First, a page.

More than a quarter of Britons say that they can already see the effects of climate change on their gardens.

The most obvious sign, according to the survey published yesterday by the Waste and Resources Programme, is earlier blooming bulbs, while nearly a quarter also reported an increase in the amount of garden waste.

Nearly half said they have to mow their lawns earlier in the season, and a third noticed their lawns had to be cut more frequently.

Dr David Reay, of the Institute of Atmospheric and Environmental Science at Edinburgh University, said: "As a gardener, as well as a climate change expert, I can vouch for the changes. I am having to mow my lawn earlier and more often.

"And there is much less rain. I collect rainwater for the garden but there's only been one day this year that there was enough rain to fill one of the three butts in my garden.

"The evidence is everywhere. Hawthorn trees flowered three weeks early this spring. Winters are shorter and summers longer. And in the future it's just going to get hotter. A rise of three degrees is predicted in Scotland by the end of this century making drinkable Scottish wine a very real prospect.

"And we will lose some native species like alpine plants, which will be replaced by new ones as they move northwards from England."

Annmarie Hammond, 70, from Edinburgh, said she has noticed the effects of climate change on her garden.

She said: "We go away for a month each year to Tenerife. When I got back at the beginning of February I had to cut the grass, about a month earlier than usual. Things have flowered about two weeks earlier and one plant, farfugium, which normally dies in the winter, didn't. It's the first time I have seen that.

"And I've never had so much frog spawn. The milder weather seems to have affected breeding, too.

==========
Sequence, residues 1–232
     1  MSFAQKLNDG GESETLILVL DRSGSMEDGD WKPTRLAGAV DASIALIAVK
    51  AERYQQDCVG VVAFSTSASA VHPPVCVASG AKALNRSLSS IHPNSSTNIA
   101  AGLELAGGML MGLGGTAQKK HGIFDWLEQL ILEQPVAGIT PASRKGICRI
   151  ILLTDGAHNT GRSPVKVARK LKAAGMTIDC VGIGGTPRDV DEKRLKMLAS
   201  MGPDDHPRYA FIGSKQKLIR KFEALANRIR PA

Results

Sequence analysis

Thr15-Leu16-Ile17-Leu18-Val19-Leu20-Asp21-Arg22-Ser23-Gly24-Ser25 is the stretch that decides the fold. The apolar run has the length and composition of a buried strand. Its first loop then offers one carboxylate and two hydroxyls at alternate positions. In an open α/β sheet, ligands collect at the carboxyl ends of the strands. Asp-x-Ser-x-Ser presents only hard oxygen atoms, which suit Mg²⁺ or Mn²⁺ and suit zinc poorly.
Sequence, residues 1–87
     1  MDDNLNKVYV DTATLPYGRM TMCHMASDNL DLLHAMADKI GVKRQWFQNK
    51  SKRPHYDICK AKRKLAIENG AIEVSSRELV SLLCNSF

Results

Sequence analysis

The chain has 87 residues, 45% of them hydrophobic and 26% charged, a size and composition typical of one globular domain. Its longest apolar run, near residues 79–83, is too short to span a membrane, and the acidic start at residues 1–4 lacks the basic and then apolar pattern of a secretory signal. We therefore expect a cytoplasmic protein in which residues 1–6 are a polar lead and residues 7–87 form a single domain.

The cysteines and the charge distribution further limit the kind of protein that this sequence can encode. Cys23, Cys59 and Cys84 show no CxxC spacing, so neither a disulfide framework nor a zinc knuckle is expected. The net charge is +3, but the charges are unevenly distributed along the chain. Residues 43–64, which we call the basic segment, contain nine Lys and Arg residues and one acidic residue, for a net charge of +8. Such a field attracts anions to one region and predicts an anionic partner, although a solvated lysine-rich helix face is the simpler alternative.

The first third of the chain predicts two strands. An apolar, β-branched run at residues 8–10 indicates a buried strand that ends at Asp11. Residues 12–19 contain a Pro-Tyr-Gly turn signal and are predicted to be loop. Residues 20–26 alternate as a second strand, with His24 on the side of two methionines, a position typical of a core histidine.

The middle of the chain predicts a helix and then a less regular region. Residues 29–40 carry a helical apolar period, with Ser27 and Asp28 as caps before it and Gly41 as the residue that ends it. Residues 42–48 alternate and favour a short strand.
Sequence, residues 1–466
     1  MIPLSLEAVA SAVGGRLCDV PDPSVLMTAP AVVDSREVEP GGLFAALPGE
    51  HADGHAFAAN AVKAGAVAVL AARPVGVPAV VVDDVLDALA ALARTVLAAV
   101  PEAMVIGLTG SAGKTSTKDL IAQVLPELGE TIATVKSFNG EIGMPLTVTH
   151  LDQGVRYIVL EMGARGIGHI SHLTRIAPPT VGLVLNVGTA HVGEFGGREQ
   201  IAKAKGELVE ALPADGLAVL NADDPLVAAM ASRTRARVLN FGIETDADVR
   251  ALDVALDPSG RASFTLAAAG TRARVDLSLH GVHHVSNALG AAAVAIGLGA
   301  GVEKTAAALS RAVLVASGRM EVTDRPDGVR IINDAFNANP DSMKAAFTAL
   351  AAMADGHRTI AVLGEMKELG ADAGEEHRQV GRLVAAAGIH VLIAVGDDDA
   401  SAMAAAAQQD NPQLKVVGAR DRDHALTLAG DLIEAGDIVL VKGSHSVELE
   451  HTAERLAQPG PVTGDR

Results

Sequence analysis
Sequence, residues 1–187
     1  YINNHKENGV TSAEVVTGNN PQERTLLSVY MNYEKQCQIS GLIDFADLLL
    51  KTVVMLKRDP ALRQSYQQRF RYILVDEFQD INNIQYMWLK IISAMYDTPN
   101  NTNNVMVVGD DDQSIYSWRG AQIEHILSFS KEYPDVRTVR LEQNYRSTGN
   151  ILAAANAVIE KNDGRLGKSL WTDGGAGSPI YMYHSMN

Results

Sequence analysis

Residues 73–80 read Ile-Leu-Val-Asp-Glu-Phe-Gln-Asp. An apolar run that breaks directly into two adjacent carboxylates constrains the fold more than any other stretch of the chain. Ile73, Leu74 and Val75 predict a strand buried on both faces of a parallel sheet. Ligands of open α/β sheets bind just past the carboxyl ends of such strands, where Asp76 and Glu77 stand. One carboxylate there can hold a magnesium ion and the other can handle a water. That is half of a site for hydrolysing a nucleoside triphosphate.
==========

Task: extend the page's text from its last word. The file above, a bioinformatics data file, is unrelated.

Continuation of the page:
"I wouldn't say I'm overly concerned about the effects of climate change right now, but the longer term is worrying."

The survey revealed that the gardeners' main concern for the future was that water shortages were going to become more common, meaning their gardens would need more attention.

More than a third believed some native plants would no longer flourish and a further third said they would be able to grow a greater range of plants.

Around half of the gardeners surveyed said they understood the role recycling garden waste plays in combating climate change, but only a third said they regularly produce home compost.

TV Gardener Diarmuid Gavin urged gardeners to take measures to help combat the effects of climate change. He said: "Choosing peat-free composts which contain recycled materials is a great way to keep waste out of landfill and stop rotting it down to potentially create harmful greenhouse gases.

"Home composting is also easy and can cut down your average household bin by about 30%"

The milder weather has led some garden centres to take in a wider selection of species. Susan Moore, head of buying at Dobbies Garden Centres, said plants which would not have survived in Scottish gardens 10 years ago, such as palm trees and tree ferns, are becoming a more common sight.

She added: "The key spring season for gardeners has certainly started earlier in line with the milder and drier weather. Customers have bought plants and bedding much earlier, a trend we have seen emerge over the last couple years.

"Garden furniture, barbecues, patio heaters and outdoor lighting are more popular than they have ever been."

Growing trend

Top ways in which gardeners say they help the environment:

  • 34% do regular home composting.
  • 30% have a water butt to recycle rain water.
  • 20% grow their own fruit and vegetables.
  • 19% use peat-free composts.